IT'S NOT JUST Iraq and oil that are pushing up the American inflation rate. They account for much of the dismayingly high Producer Price Index that the government reported on Friday -- but by no means all. Even with energy taken out of them, the numbers were much too high for comfort. Foodstuffs suddenly got more expensive last month, and that had nothing to do with the Middle East.

The odds are now rising that the country is going into a recession. One standard remedy is to loosen monetary policy and bring interest rates down. But in the present circumstances the Federal Reserve Board can't afford to do much of that. If it begins to move aggressively in that direction, investors will immediately take it to be a signal that the government is prepared to tolerate much higher inflation. They will respond by bidding interest rates up, not down, to protect themselves from the depreciation of their dollars.

There's another constraint as well on the Federal Reserve. While interest rates here look high to Americans, they are among the lowest in the world. Both the Japanese and the Germans have been raising theirs to rein in rapid expansion. Investment money tends to follow the high rates and as it leaves the United States, the dollar's exchange rate drops. The dollar has fallen more than enough in recent weeks, for a low dollar aggravates inflation by making imports cost more.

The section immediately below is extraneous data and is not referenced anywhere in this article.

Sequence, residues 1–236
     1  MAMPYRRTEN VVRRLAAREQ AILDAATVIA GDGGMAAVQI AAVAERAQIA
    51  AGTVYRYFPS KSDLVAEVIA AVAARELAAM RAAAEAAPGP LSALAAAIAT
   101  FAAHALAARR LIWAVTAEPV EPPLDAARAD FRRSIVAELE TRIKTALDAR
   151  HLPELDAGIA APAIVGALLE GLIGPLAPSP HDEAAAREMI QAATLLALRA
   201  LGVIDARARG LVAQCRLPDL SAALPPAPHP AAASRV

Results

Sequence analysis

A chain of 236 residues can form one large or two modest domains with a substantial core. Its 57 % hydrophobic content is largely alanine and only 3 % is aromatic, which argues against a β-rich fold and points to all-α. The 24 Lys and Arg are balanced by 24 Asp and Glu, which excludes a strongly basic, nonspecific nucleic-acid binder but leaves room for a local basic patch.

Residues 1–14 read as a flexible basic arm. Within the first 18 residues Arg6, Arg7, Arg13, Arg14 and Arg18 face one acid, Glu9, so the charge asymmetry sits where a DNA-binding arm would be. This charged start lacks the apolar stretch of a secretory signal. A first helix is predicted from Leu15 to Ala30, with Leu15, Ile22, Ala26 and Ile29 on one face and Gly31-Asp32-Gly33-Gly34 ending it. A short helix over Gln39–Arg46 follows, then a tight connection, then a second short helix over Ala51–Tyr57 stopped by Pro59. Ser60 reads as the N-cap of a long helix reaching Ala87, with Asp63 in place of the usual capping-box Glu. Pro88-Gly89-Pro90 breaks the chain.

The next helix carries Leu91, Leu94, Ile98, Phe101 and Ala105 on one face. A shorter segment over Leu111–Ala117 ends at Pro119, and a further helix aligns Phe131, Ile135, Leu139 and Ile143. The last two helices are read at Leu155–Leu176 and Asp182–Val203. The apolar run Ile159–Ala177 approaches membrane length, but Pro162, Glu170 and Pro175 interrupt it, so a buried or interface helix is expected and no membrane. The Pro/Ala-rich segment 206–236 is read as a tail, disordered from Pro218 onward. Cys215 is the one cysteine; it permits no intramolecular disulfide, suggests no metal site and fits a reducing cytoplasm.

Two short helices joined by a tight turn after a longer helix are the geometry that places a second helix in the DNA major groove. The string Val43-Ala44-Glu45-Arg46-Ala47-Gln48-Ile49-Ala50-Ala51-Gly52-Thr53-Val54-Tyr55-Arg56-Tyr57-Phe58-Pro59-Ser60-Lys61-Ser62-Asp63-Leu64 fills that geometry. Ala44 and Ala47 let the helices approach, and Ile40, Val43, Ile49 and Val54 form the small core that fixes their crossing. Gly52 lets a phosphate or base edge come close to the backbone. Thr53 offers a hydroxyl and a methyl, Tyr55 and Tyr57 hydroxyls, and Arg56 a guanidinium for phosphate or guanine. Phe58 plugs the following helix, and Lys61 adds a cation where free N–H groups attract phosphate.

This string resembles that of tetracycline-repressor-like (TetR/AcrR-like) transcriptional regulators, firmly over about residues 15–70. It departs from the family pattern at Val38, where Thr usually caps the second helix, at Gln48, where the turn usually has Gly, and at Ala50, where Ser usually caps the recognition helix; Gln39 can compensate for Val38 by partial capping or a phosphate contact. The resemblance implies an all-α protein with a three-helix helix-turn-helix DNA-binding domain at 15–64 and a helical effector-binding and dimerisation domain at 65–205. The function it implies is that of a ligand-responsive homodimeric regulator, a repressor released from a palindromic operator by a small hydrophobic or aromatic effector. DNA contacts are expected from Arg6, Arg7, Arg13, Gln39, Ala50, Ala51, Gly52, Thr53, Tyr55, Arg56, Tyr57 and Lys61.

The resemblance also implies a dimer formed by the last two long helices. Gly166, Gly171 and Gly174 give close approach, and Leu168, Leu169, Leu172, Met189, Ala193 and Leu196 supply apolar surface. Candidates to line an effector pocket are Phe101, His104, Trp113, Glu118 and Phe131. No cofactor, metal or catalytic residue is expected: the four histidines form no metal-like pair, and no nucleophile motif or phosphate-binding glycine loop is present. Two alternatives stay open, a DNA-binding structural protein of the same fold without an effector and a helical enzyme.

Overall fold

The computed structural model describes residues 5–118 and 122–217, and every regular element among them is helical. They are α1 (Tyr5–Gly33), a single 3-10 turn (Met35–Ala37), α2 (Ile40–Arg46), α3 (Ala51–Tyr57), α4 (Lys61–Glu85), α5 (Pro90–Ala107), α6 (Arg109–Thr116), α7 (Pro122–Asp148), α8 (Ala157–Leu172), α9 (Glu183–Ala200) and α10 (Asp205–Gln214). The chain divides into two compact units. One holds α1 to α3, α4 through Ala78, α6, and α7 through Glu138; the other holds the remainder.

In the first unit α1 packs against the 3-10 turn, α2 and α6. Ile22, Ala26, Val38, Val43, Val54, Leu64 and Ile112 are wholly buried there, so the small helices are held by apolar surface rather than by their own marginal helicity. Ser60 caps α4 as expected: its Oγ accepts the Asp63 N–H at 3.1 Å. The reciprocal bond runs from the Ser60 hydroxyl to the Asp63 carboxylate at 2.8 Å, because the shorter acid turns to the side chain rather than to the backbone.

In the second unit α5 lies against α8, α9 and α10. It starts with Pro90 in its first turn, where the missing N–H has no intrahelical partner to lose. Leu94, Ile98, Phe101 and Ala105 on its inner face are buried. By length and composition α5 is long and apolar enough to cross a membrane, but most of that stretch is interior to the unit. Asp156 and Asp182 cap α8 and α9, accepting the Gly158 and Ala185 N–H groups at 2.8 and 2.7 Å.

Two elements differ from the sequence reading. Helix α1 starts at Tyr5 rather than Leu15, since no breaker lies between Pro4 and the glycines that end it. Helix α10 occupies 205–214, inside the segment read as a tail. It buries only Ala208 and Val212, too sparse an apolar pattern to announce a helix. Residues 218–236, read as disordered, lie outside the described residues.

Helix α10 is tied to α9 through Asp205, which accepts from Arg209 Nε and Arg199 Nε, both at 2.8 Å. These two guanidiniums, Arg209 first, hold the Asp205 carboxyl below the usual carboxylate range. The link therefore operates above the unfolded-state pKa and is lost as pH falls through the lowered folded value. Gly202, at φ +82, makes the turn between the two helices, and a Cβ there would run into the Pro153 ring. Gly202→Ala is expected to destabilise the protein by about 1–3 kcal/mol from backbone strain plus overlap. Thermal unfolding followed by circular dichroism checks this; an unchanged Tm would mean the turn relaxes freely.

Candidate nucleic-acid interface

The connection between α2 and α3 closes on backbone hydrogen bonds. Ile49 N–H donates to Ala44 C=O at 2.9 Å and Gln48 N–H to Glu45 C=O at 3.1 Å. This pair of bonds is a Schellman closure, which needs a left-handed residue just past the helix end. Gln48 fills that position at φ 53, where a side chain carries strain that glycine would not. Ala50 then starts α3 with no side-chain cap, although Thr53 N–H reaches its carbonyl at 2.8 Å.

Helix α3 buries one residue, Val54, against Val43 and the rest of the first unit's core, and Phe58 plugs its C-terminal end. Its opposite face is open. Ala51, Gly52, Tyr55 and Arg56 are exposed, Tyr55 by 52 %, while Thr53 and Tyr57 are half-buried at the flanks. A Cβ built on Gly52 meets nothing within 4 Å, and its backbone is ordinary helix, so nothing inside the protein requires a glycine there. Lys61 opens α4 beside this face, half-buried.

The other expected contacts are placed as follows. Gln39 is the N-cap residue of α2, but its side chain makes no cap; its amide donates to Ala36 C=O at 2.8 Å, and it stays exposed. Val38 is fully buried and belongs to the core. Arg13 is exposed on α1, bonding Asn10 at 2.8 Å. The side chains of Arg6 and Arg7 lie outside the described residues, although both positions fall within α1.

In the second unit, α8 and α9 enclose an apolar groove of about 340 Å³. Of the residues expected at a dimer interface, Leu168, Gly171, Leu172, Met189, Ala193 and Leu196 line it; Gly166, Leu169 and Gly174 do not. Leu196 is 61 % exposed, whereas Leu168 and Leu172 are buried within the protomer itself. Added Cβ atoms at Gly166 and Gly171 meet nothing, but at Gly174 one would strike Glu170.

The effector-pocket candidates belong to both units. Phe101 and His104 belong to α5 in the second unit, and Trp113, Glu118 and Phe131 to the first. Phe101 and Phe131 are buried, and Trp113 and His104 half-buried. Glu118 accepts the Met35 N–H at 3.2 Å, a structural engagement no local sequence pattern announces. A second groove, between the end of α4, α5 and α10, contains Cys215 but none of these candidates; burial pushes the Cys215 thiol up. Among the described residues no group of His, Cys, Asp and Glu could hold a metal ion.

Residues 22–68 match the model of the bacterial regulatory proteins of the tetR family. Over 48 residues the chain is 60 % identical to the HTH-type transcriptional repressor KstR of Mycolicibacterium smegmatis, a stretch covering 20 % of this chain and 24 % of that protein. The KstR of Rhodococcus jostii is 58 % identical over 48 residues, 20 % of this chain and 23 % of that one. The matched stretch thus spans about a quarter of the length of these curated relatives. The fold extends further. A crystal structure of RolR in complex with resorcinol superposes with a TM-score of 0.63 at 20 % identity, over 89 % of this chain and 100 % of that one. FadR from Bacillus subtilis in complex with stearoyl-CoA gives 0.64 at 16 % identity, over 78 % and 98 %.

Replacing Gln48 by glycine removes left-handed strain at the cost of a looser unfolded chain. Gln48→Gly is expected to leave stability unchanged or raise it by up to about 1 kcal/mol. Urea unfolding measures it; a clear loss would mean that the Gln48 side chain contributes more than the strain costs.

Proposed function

American policy is trapped in a familiar state of paralysis, and it can't be blamed on Saddam Hussein. The fault lies with the anti-tax populism of the 1980s, and with the politicians -- led by the last president and the present one -- who encouraged it. After having been on a plateau for several years, the federal budget deficit is rising again, rapidly, and next year's will be tremendous.

Half a dozen years ago, when the economy was growing strongly and inflation was lower, strategists began to warn the Reagan administration that it was time to begin getting deficits and interest rates back down. Neither that administration nor, until this year, its successor paid any attention. They squandered their opportunities when it would have been easy, relatively painless and safe to regain control of deficits and inflation. Now President Bush and the congressional leadership are condemned to struggle with them in an increasingly bleak and unpromising atmosphere.